One of the most incredible aspects of social media is the capability to precisely measure your audience’s interactions. Brands that can harness this power can quickly and effectively access countless audience members, frequently with laser-precision targeting.
Yet, while many organizations know the importance of measuring their social media performance and adjusting their tactics considering it, they may not know exactly what they should focus on in order to improve their success.
To achieve these goals, businesses should look to these three most critical and most important social media metrics:
“Reach” is the measurement of how many people see an individual piece of social media content, whether organically — because they “like” or “follow” the account — or because a paid/promoted post showed it to them. Other, nearly identical names for this metric include “exposures” or “impressions.”
For instance, a Facebook page with 2,500 “likes” or followers posts an image with a caption, and its reach is 1,232. This number means that not everyone who likes the page saw the post for one reason or another. On the other hand, fewer than 1,232 people who follow the page may have been exposed to it since other people’s shares count towards reach. So, maybe 1,200 “like” users saw the post, and a few shared it to bring total views up to 1,232.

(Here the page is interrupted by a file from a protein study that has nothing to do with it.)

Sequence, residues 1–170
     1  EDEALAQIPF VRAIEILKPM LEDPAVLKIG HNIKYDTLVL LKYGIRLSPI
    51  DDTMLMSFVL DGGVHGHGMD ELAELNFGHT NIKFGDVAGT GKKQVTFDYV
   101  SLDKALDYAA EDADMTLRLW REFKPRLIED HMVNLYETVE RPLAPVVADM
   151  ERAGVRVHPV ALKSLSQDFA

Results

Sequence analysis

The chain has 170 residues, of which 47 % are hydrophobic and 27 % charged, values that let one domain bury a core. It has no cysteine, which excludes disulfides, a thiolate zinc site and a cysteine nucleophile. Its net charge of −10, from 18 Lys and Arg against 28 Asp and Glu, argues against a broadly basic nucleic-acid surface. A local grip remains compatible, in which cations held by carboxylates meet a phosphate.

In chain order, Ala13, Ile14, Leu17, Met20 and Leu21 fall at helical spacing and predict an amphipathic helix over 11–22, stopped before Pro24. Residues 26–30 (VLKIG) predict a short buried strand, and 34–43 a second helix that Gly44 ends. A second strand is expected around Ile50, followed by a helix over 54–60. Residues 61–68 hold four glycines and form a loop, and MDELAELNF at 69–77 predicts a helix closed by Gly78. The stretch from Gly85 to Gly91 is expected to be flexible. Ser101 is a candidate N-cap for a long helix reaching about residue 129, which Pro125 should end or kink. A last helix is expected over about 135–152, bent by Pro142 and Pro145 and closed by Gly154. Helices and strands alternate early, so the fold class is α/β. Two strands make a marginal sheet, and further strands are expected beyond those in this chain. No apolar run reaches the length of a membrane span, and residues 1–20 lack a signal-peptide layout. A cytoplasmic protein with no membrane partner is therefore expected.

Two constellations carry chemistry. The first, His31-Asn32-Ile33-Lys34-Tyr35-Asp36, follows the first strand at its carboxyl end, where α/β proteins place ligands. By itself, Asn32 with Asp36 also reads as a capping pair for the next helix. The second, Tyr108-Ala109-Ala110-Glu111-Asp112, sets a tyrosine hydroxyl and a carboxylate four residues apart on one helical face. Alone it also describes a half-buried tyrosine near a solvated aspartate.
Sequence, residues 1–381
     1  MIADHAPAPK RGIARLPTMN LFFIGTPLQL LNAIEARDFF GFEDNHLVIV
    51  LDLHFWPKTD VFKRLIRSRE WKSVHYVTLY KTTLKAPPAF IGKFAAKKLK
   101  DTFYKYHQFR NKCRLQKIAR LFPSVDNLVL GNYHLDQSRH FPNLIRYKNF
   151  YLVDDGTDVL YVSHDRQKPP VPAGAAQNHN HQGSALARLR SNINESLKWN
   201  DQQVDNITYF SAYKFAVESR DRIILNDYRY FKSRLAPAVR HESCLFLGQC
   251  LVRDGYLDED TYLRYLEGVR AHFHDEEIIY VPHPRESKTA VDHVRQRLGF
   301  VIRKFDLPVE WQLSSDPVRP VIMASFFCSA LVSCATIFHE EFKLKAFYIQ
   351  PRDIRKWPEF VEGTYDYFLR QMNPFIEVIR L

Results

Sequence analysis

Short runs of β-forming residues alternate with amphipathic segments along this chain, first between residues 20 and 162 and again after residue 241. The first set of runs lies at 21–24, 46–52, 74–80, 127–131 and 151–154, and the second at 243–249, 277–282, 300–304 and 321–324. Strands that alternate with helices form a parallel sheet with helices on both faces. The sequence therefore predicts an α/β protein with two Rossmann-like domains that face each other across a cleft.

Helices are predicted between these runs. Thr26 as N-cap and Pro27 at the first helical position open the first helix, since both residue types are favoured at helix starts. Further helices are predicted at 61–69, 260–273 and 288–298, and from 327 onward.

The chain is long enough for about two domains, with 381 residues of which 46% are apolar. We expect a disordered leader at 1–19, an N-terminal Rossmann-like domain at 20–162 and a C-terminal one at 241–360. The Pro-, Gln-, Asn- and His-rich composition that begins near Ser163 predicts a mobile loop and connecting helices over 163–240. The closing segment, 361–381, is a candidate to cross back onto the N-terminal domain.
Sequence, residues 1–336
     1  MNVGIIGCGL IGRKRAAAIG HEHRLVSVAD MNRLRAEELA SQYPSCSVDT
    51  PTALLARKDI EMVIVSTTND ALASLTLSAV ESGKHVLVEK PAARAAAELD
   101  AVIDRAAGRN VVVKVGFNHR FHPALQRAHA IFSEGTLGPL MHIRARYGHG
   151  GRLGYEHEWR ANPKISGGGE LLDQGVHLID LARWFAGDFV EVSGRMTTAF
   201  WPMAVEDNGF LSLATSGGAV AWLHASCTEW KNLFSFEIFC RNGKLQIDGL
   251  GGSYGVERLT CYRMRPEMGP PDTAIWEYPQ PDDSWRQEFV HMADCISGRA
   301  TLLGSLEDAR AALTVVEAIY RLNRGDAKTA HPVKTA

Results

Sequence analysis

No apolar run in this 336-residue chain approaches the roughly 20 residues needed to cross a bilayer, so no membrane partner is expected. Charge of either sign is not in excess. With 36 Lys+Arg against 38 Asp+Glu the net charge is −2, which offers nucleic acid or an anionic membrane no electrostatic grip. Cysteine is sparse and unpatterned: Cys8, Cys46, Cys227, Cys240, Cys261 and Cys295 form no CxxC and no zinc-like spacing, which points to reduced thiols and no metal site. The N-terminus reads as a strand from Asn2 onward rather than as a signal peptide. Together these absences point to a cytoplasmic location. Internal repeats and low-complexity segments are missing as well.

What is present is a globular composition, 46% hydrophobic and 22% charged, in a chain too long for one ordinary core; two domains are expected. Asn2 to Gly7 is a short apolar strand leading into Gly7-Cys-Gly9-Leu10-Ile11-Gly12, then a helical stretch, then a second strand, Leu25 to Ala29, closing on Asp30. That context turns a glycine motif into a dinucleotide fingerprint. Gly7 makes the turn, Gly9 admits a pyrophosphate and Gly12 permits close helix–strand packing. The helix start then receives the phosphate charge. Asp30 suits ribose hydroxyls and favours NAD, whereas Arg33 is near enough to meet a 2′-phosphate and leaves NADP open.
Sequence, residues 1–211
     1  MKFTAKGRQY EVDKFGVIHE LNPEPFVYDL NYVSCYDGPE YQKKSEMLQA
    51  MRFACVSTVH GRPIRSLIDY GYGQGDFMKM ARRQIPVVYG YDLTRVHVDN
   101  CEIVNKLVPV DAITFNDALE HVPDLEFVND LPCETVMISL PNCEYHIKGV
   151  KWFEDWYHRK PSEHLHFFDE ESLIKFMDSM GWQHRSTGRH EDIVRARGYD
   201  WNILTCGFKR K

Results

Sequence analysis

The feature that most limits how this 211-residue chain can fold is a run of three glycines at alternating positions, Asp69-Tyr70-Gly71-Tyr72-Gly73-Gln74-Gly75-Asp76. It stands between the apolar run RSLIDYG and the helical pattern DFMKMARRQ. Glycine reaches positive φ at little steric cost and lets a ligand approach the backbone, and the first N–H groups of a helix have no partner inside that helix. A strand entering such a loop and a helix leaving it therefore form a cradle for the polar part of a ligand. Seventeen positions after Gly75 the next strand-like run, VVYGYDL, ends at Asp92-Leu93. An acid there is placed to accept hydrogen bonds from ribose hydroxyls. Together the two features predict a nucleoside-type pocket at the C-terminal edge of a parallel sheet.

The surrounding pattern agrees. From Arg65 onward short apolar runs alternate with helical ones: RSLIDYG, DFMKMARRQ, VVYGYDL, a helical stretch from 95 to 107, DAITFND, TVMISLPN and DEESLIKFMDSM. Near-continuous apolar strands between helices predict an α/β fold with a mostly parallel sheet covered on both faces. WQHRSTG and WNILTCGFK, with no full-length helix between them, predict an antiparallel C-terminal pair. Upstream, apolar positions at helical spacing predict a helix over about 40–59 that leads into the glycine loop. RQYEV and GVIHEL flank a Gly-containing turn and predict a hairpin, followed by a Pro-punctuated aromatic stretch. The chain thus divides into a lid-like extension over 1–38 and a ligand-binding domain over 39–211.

Reach is a critical metric for several reasons. First, posts with abysmally low reach equal wasted time. Facebook’s algorithm has begun curbing the amount of content people see from brand pages, so a significant portion of people who decided they “liked” the page may not see its posts. You can improve reach by trying to make your posts more engaging, as we will cover next, since engagement with a page dictates how often its posts are seen. You can also pay to promote posts, exposing more people to them while using segment targeting tools like Graph Search.
Secondly, total reach can help you devise important ratio metrics using the remaining two most important social media metrics.
Engagement refers to any action a user takes after seeing your post. Forms of post engagement include:
- Clicking on an image thumbnail to see it in full size
- Clicking “like” or reacting to a post
- Sharing or retweeting a post
- Replying on platforms like Twitter
Ideally, every single post you put out has a high level of engagement. Even more ideally, every single one of the people you reach will engage with the post.
This perfect ratio is practically impossible, but paying attention to your engagement:reach ratio can tell you just how tempting your posts are to interact with.
3. Website Visit Conversions
Sometimes called “acquisitions,” the number of people who follow a link from your social media accounts to your website is a critical metric for learning how much interest in your business your posts are drumming up.
While not every post will link back to your site, you will want to know generally how often people are visiting your pages from social media and with what frequency they are returning from these sources. To monitor this activity, you can use tools like Google Analytics to track referring sources by domain.
You can also see the value of each platform in terms of eventual site performance by viewing metrics like average time on site, page views per visit, and return visit percentage. These numbers can tell you where your highest-value audiences come from and which social media platforms have room for improvement.